People often wonder why gay and lesbian Catholics and their allies remain in the Church. The staying can be difficult, but the answer is easy. Most of us find the liturgy and the spiritual community so fulfilling, and we find the social justice tradition of the Church so challenging and inspiring, that these outweigh the considerable pain of life in a community that considers some of us "disordered."
In recent decades our leaders have inspired us to oppose war, fight poverty and make a welcome for undocumented immigrants. They have signaled that hospitality and justice can't just remain personal practices; they must become social practices installed in law. That's a vision we embrace and work hard to realize because of their leadership and because we believe Christ welcomes all.
We don't find this accustomed inclusion and hospitality in recent statements by our leaders on same-sex marriage. Francis Cardinal George's letters to parishes and to the Catholic New World in January opposed civil marriage for same-sex couples, suggesting that civil same-sex marriage would not only give individuals inappropriate freedoms but also damage society. According to the Miami Herald, Catholic bishops recently wrote a letter to President Obama threatening to oppose any immigration policy that makes provision for immigration of same-sex partners on a basis similar to immigration for married couples.
These statements are distressing for their unnecessary harshness. These proposed neither include sacramental same-sex marriage nor require any church to celebrate same-sex civil marriages. Fighting so hard and publicly against them only wounds people who are already struggling: parents trying to convince gay and lesbian teens that they are welcome and valued in the Church; young adults ready to commit to life-time relationships who feel they must choose between their partners and their faith; retirement-aged Catholics reflecting on the spiritual gifts they have gained from long lives with their partners; children of gay and lesbian parents who attend Catholic schools or CCD; and perhaps most importantly non-Catholics who are being strengthened in their impression that the Church is more interested in using civil law to enforce its beliefs than it is in welcoming the stranger. In any of those positions, the bishops' words sound cold rather than hospitable.
They are distressing, too, because they imply that same-sex marriage destroys fidelity, commitment and family rather than affirming their value for individuals and society. Gay and lesbian couples who seek the full rights (and responsibilities) of marriage are far from the enemies of the "common good of society." In an era of cohabitation and serial monogamy, they and their allies may be marriage's biggest champions.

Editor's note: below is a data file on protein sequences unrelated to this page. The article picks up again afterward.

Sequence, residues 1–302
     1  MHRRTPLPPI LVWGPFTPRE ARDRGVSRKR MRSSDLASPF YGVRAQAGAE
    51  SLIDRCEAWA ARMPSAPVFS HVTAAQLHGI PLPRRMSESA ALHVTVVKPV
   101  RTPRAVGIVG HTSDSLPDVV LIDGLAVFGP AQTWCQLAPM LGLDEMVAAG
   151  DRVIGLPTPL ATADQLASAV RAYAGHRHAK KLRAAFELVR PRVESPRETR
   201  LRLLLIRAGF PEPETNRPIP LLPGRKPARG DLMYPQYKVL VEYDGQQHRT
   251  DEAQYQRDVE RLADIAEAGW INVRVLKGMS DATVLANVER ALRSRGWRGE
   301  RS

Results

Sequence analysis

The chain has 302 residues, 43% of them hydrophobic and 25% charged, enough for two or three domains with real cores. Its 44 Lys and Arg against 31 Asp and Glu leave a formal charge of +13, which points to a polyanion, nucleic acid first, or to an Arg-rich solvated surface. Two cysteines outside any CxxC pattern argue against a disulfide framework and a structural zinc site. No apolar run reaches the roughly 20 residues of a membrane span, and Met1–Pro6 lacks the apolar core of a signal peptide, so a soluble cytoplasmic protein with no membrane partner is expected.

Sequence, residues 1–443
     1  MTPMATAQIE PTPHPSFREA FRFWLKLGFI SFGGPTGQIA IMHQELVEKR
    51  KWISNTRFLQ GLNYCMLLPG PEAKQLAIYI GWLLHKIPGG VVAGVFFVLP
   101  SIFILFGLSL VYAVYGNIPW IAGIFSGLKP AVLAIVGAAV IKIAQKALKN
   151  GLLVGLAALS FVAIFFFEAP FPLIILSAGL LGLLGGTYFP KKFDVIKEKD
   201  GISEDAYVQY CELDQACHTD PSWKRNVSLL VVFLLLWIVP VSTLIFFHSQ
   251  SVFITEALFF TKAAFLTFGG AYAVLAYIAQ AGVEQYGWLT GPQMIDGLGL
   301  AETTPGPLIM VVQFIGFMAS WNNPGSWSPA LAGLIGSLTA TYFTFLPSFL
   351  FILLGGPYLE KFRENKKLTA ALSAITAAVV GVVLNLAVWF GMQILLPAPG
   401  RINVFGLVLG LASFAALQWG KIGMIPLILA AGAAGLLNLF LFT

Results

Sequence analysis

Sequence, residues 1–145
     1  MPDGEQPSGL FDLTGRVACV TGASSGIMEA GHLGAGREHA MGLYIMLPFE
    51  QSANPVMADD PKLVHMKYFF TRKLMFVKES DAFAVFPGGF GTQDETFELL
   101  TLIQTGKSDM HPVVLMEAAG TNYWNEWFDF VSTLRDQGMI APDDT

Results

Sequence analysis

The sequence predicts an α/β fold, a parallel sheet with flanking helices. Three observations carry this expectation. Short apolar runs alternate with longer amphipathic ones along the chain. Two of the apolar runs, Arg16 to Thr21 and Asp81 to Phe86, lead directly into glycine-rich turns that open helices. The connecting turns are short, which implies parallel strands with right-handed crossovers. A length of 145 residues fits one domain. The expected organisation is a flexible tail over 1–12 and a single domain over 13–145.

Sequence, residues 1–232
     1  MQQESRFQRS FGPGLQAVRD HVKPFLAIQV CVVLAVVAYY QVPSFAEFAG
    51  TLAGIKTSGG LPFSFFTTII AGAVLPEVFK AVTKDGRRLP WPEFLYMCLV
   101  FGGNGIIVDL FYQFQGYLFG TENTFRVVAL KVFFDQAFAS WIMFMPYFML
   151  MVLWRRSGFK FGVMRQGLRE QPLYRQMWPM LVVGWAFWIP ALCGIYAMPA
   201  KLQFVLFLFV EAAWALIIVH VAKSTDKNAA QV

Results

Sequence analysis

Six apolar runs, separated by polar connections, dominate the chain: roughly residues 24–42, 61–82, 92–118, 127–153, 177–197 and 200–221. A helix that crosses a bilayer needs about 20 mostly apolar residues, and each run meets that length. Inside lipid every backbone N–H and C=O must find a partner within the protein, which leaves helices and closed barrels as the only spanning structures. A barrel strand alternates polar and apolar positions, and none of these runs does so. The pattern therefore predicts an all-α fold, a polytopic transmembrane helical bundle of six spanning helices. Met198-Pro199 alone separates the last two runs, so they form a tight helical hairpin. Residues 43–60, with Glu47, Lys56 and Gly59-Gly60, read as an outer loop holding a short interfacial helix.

We realize that our religious leaders are not prepared to hear about the graces and blessings many of us have experienced in our fidelity to our partners, nor to celebrate sacramental same-sex marriages. But the laws proposed do not mandate grace and blessing. They address only the right to civil marriage, granting same-sex partners and their children the stability of the same rights accorded opposite-sex spouses and their children. In our opinion, this is a basic matter of social hospitality: granting rights that ease the lives of people whom society puts at risk.
Catholic social teaching emphasizes listening to the "signs of the times," the wisdom that arises from all people of good will in the culture around us. In this moment, we believe, one of the important signs is the desire of same-sex couples of all backgrounds to found families in fidelity, with the approval and support of society and the law. Another is strong support among Catholic laypeople.
Despite our leaders' profound ambivalence about us, gay and lesbian--and bisexual and transgender--Catholics and their allies contribute joyfully and faithfully to the life of the Church. We hope that our leaders will think twice before labeling us destructive, disordered, and unnatural. And we hope that they will reconsider their opposition to same-sex civil marriage, which puts them in a position of inhospitality rather than welcome.
In the meantime, inspired by our Catholic faith, we are contacting our state senators to urge support of Illinois's marriage equality bill tomorrow. We'll be joined by other members of St. Nicholas Parish, Evanston: Jacquie Axe and Margaret Feit Clarke, Co-facilitators of the Peace and Justice Committee; Marion Flynn; Mary Jo Hoag; Deborah A. Winarski; and Gloria J. Woods.
Won't you call too?
Cristina Traina is Professor of Religious Studies at Northwestern University in The OpEd Project's Public Voices Fellowship. Karen A. Allen is Call to Action Chicago Chapter President.